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Plantar Fasciitis

Plantar Fasciitis / Heel Pain

heel-painHeel pain is most often caused by plantar fasciitis, a condition that is sometimes also called heel spur syndrome when a heel spur is present. Heel pain may also be due to to other causes, such as a stress fracture, tendinitis, arthritis, a nerve irritation, or, rarely a cyst. Heel pain can also be due to degenerative arthritis in the lower back that refers pain into the heel area.

Because there are several potential causes of heel pain, it is important to have heel pain properly diagnosed and treated. As well the longer the condition persists generally the harder it becomes to treat.

What Is Plantar Fasciitis

Plantar fasciitis is an inflammation of the band of tissue ( the plantar fascia ) that extends from the heel to the toes. In this condition, the fascia first becomes irritated than inflamed resulting in heel pain.

The symptoms of plantar fasciitis are:

  1. pain on the bottom of the heel.
  2. pain that is usually worse upon arising.
  3. pain usually increases of over a period of months.

People with plantar fasciitis often describe pain as worse when they get up in the morning or after they’ve been sitting for long periods of time.

After a few minutes of walking the pain decreases, because walking être he’s the fascia. For some people the pain subsides but returns after spending long periods of time their feet.

Causes of Plantar Fasciitis

The most common cause of plantar fasciitis relates to faulty foot structure.
For example, people who have problems with their arches , either overly flat or high arched feet are more prone to developing plantar fasciitis.

Wearing non-supportive footwear ( especially on hard surfaces) puts abnormal strain on the plantar fascia and can lead to plantar fasciitis.

This is particularly evident when a person spends long hours their feet.
Obesity also contributes to plantar fasciitis.

Diagnosis of Plantar Fasciitis

To arrive at a diagnosis Dr. Bank will obtain a thorough medical history and examine your foot. Throughout this process Dr. Bank will rule out all the possible causes of your heel pain other than plantar fasciitis.

In addition , diagnostic imaging studies such as x-rays and ultrasound may be obtained. These modalities are available in our office for patient convenience. In some cases MRI and blood work may be obtained to distinguish the different types of heel pain. Sometimes heel spurs are found in patients with plantar fasciitis, but these are rarely a source of pain.

When they are present the condition may be diagnosed as plantar fasciitis /heel spur syndrome.

Heel Pain Treatment Options

Treatment of plantar fasciitis begins with first line strategies , which you can begin at home:

  • STRETCHING EXERCISES. Exercises that stretch out the calf muscles help ease pain and assist recovery.
  • AVOID GOING BAREFOOT . When you walk without shoes , you put undue stress an strain on your plantar fascia.
  • ICE. Putting an ice pack on your heel for 10 minutes several times a day helps reduce inflammation.
  • LIMIT ACTIVITIES. Cut down on extended activities to give your heel a rest.
  • SHOE MODIFICATIONS. Wearing supportive shoes that have good arch support or slightly raised heel reduces stress on the plantar fascia. Your shoes should provide a comfortable environment for the foot.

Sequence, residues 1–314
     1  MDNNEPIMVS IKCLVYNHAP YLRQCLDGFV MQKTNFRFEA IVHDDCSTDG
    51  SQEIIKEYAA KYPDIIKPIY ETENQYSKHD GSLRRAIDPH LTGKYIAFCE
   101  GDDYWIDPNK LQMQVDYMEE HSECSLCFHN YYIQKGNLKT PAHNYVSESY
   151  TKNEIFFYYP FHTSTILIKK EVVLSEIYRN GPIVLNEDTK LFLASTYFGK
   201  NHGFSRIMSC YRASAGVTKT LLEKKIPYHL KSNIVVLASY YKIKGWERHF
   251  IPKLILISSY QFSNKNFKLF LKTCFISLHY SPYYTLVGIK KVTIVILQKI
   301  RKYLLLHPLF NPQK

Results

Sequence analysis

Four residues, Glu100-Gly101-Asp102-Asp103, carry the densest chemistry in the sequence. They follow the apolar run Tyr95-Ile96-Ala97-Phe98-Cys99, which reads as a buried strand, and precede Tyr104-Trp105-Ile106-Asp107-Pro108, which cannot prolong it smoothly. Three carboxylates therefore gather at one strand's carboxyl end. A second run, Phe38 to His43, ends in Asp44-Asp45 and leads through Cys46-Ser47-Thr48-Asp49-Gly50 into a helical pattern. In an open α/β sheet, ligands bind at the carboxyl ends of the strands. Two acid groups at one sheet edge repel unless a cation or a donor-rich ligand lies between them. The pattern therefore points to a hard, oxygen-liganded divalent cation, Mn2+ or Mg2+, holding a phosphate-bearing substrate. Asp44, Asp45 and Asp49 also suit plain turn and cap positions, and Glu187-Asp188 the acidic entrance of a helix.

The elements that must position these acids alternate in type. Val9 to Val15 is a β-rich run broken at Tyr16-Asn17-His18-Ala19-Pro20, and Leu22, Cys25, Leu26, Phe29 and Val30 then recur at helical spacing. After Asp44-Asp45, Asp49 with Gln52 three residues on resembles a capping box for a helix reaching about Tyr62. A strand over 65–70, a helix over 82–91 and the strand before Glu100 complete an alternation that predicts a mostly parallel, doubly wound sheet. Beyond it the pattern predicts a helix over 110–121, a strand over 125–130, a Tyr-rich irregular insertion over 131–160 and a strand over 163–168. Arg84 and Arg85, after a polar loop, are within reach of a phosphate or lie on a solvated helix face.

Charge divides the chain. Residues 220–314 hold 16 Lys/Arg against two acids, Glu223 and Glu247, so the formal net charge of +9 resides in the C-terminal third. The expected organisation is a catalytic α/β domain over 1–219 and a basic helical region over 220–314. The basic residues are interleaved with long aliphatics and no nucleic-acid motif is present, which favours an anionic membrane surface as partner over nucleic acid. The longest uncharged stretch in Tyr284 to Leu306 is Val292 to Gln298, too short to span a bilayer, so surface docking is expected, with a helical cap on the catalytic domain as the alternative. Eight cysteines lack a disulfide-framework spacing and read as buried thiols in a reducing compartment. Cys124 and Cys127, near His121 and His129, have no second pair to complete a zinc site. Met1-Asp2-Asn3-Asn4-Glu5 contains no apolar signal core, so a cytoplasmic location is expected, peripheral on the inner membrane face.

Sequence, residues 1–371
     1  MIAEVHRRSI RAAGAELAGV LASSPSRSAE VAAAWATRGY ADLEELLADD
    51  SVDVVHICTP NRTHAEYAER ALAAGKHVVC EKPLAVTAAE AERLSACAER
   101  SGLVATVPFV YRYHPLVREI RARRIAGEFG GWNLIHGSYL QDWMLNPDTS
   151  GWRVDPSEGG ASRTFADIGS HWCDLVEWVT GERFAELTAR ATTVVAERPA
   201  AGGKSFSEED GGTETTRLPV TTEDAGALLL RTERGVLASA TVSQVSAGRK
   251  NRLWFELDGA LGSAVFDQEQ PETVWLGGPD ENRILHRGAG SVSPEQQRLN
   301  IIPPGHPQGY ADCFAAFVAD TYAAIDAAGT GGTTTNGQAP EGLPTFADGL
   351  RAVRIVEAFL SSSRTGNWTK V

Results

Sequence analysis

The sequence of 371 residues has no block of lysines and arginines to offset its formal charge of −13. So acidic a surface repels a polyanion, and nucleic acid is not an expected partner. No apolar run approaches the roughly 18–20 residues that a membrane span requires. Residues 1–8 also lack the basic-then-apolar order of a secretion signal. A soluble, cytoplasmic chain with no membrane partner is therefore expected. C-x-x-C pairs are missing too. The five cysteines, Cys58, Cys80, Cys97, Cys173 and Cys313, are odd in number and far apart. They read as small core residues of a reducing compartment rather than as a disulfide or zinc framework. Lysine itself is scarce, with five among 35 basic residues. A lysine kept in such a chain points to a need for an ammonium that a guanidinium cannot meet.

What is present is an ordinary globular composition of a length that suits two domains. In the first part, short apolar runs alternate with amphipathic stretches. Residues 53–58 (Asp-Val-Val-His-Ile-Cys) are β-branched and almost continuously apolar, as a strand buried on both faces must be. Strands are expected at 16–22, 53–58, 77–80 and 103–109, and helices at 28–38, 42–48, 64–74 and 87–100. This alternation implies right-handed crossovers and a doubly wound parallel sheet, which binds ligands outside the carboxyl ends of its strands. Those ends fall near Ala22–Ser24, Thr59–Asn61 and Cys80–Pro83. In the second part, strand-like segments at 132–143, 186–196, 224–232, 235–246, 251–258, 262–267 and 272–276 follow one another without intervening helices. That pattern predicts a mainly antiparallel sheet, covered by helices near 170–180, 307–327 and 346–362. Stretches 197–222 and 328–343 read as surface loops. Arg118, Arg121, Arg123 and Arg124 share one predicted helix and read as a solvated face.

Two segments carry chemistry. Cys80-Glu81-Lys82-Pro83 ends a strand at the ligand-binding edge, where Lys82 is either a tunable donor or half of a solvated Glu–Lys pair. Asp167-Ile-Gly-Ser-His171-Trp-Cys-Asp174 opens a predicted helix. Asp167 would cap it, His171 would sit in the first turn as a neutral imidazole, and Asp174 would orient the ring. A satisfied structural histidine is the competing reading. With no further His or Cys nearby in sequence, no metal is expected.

• MEDICATIONS. Ibuprofen or Alieve may reduce pain and inflammation.

If you still have heel pain after taking these steps it is important that you see Dr. Bank so the source of your heel pain can be properly diagnosed and treated. One or more of the following are additional treatments that may be recommended.

  • PADDING AND STRAPPING. Placing a pad in the shoe softens the impact of walking. Strapping helps support the arch and reduces the strain on the fascia.
  • ORTHOTIC DEVICES. Custom orthotic devices that fit in your shoe help correct underlying structural abnormalities causing plantar fasciitis.
  • INJECTION THERAPY. I n some cases corticosteroid injections are used to help reduce the inflammation and relieve pain.
  • REMOVABLE WALKING CAST. A removable walking cast may be used to keep your foot immobile for a few weeks to allow your foot to rest and heel.
  • NIGHT SPLINT. Wearing a night splint allows you to maintain an extended stretch of the plantar fascia while sleeping. This may help reduce morning pain experienced by some patients.
  • PHYSICAL THERAPY. Exercises and other physical therapy measures may be used to help provide relief.

Although most patients with plantar fasciitis respond to non-surgical treatment, a small percentage of patients may require surgery. If conservative measures fail to relieve a patient’s heel pain,surgery will be considered.

Dr. Bank will thoroughly discuss the surgical options with you and determine which approach would be most beneficial for you.

By utilizing minimally invasive techniques which are now available most patients are able to begin walking immediately after surgery with minimal discomfort.

Long Term Care

No matter what kind of treatment you undergo for plantar fasciitis, the underlying causes that led to this condition may remain. Therefore, you will need to continue with preventive measures to prevent recurrent heel pain.

We are taking precautions above the CDC guidelines to protect patients and staff

We are taking precautions above the CDC guidelines to protect patients and staff. We are having patients sanitize hands upon entry, spacing appointments 30 minutes apart to maintain distancing, all applicable surfaces are sanitized after each patient visit, and all staff are wearing N95 masks. Our goal is to contribute to the safety and care of our patients during this difficult time. Please call us if you have any questions. Thank you for your continued trust and support. Sincerely, Dr. Daniel Bank and Staff